By this time, Tony and Winford were sitting in the cart waiting on me to tee off, and I could just imagine what was going through their minds seeing my new entourage. They burst out laughing, which didn’t help matters. I had really been working to improve my game, focus on good shots, read every Golf Digest I could find and what did it get me? The near extinction of the greatest football player that ever played the game!

So Walter stepped up, I tossed him a ball, and in one swift motion he takes a tee out of his pocket and plants the combination in the ground at the perfect height. By now there are over a hundred spectators craning their necks to see this shot. Silence falls on the crowd.

Walter studied the shot for a second, pulled the club head back slowly, deliberately, and delivered! And the ball rolled about a foot! The crowd went crazy! I turned around to see Eddie Payton, Walter’s brother, nearly on the ground in tears. Mr. Universe, Tom Platz, was head down, huge shoulders shaking in cackling laughter. The Million Dollar Man, Ted DiBiase, wore this huge grin. Walter, however, was unfazed.

“Must be the ball, ” he murmured, taking a new one out of his pocket and parking it on the still standing tee. “You gotta have the right balls for this game, John.”

Of course by this time the crowd had grown still larger. News cameras trained on Walter and me; Dan Marino parked his cart nearby to check it all out. Richard Roundtree, Pat Morita and even Linda Blair were egging Walter on. How could a simple afternoon of golf have gone so wrong?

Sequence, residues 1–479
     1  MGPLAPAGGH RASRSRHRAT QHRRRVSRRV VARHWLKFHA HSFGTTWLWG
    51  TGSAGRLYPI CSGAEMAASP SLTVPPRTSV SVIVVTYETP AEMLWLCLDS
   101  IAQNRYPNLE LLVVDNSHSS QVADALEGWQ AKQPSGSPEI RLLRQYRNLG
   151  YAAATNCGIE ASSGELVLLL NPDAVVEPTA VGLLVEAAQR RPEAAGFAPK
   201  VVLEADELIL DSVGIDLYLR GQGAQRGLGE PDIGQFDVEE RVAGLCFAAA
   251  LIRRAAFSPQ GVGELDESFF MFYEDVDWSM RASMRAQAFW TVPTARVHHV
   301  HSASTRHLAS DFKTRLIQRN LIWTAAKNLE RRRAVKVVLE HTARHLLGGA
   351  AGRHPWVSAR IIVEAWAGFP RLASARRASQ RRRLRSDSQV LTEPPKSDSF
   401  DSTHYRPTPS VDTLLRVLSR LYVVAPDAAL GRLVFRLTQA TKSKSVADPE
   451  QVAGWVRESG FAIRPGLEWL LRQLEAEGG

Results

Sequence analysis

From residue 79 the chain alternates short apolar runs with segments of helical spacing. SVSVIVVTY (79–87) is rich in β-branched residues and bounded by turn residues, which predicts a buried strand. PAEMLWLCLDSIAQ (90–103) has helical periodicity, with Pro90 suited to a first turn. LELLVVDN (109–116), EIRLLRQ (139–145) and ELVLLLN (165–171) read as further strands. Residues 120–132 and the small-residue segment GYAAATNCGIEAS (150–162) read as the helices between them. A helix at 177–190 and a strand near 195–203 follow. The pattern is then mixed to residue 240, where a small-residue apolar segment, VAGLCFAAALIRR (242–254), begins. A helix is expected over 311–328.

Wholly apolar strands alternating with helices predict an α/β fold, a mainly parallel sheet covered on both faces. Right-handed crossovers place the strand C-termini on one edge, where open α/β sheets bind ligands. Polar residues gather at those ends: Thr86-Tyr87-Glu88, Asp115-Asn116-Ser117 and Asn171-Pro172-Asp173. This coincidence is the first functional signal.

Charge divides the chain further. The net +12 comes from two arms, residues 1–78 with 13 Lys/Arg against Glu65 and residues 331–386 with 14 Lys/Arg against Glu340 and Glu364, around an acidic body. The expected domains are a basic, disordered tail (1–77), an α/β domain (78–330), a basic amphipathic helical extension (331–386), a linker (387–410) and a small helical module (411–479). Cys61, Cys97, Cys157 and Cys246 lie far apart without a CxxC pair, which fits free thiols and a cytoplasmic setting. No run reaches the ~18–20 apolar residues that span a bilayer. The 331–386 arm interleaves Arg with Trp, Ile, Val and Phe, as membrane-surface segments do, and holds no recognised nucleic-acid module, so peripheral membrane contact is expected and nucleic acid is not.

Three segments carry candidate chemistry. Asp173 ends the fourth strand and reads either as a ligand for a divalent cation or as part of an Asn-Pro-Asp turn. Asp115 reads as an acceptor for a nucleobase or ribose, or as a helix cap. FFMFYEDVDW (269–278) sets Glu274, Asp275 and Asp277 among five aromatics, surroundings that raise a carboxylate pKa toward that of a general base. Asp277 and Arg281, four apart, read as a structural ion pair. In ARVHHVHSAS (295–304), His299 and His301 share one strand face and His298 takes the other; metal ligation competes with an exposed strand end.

He teed up for the second time and again silence fell like a fog over the gathering. Walter eyed it up, took his swing, and bam! The ball went all of five feet!

Mayhem broke out. Pro athletes were leaning on Hollywood celebrities for strength, unable to stop the belly laughs and hooting. I could barely raise my head to look at the throng. All around me was the equivalent of a pack of golf hyenas, yukking it up real good. Oh boy, I thought. I will be forever scarred from this terrible lambasting on the links.

But then came the gift. I looked up just enough to see Walter wink at me. While the gallery was in the midst of the diabolical break-up, Sweetness teed up and launched a perfect shot that landed less than six inches from the cup! A collective “wow” rose from the spectators, and we all knew we were in the presence of greatness. He could have done that at any time. He walked over, gave me a big hug and whispered in my ear. “It’s all about what is on the inside—outside circumstances play no part in golf or life. Never forget that. ”Walter sauntered away, followed by his legions of fans, and I stood there stunned. I had been folded, spindled and tucked away—and it became one of the greatest moments of my life. A small piece of paper tacked on Walter’s office wall came to mind. “All change, no matter how small, requires courage.”

John St. Augustine

[EDITORS’ NOTE: Walter Payton passed away November 1, 1999, from cancer at age forty-five.]